The so-called Black Merlin (most field guides still refer to it by this name) is not really black, but chestnut brown on the back and white with dark or chestnut brown streaks underneath (throat to lower abdomen). Second-year males molt into the purple-blue back color (as seen in sunlight; otherwise it looks dark brown) while adult and juvenile females retain the dark or chestnut brown coloration year round. This is called sexual dichromaticism, which is unique to the Falconidae. Females are ¼ larger than the male, which is called sexual dimorphism.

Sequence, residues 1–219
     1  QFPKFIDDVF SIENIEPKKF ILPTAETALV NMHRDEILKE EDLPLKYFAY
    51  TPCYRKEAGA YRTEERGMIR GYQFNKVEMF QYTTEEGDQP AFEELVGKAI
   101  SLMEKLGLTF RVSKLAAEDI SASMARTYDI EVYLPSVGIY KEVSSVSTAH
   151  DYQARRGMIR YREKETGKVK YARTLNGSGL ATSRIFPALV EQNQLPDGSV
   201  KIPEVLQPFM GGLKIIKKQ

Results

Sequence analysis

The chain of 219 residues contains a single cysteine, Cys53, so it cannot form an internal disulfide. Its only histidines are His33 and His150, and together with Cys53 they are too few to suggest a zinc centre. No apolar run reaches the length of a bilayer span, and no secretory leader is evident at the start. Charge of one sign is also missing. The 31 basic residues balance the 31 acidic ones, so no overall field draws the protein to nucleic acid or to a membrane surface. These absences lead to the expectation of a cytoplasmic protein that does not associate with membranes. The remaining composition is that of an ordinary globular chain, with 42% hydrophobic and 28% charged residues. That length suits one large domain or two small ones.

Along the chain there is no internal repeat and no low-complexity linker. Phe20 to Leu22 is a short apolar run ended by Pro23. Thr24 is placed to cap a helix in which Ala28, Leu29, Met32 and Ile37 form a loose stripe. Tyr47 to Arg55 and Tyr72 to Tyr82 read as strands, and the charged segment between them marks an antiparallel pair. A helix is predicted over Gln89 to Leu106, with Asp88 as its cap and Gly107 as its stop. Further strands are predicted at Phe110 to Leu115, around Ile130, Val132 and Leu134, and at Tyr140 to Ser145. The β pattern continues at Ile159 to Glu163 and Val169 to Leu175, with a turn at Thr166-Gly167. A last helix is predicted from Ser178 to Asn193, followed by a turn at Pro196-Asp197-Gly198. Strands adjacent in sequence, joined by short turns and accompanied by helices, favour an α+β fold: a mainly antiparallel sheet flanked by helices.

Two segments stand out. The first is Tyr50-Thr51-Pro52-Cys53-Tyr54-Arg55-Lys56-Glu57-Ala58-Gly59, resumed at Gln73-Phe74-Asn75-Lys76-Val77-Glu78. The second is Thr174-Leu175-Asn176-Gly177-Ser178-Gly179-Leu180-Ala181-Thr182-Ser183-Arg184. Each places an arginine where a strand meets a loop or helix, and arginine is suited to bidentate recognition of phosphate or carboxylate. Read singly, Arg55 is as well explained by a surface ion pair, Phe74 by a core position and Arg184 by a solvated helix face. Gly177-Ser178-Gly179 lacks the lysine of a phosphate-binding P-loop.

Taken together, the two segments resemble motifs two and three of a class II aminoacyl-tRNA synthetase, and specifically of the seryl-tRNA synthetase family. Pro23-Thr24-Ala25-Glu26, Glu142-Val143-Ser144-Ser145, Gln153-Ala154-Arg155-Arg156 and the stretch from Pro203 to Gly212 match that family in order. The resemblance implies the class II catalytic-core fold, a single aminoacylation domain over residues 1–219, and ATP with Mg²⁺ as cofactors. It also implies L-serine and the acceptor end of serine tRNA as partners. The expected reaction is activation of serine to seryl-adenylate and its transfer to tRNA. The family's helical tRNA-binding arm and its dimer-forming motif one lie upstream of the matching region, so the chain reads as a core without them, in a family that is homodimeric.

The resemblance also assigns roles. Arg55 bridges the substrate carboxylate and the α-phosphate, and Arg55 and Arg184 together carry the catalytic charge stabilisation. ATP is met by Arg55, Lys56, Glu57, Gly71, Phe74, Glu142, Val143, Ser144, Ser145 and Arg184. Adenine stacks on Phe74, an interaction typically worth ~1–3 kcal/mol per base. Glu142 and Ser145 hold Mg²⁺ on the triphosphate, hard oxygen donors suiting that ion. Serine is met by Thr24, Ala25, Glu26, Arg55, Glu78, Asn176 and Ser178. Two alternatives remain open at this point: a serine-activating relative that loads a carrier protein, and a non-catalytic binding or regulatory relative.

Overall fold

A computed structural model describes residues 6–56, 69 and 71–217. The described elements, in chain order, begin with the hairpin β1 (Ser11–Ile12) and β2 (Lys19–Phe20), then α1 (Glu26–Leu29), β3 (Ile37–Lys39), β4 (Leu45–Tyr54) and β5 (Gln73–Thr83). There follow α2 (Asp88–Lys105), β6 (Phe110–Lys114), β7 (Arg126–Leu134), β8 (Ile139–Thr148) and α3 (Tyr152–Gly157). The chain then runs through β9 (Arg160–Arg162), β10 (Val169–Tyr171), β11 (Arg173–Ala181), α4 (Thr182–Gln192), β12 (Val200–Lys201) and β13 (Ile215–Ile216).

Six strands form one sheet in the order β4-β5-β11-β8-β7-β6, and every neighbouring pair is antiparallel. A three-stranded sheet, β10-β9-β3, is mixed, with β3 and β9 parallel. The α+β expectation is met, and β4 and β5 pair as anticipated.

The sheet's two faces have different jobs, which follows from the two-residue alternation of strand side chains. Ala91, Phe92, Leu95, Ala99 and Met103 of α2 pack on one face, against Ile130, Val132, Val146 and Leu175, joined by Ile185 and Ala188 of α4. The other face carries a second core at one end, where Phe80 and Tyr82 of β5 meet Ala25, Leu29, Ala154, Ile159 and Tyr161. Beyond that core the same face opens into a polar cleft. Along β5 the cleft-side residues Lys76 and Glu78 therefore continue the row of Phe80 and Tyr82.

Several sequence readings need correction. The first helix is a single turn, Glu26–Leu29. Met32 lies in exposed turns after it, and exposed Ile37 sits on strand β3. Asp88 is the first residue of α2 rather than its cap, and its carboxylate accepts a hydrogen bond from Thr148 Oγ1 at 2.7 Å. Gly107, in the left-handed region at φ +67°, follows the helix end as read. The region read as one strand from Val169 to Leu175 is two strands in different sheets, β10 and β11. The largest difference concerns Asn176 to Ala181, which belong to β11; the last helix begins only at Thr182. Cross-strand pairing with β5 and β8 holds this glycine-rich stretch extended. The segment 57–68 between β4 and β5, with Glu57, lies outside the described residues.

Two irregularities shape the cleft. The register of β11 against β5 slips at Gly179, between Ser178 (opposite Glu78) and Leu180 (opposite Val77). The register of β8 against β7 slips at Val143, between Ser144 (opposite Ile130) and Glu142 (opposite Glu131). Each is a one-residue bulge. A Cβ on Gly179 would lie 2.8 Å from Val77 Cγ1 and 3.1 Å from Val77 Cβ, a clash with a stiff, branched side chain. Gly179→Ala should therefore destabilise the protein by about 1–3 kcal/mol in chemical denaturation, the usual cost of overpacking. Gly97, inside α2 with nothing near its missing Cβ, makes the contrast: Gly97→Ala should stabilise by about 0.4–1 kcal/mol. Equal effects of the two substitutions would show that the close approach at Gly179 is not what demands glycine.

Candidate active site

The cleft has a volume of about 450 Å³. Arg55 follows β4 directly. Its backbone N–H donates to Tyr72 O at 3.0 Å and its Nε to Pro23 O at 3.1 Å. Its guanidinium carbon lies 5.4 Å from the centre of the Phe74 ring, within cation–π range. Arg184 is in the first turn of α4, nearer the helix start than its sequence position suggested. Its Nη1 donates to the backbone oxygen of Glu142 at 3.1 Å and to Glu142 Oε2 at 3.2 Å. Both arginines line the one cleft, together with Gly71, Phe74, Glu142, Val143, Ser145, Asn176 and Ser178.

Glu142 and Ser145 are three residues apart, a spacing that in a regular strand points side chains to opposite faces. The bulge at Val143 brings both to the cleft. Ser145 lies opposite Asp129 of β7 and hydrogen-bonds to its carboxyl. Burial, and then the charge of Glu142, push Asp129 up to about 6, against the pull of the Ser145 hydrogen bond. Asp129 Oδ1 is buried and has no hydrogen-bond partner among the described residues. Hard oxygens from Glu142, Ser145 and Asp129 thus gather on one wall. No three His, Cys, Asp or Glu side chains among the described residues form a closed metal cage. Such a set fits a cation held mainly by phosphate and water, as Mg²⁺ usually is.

Older avian references refer to four Merlin subspecies in North America; the fourth one, F. c. benderi, was a paler form of the Taiga Merlin of the western continent. Temple and other modern taxonomists believe this is no longer a valid subspecies.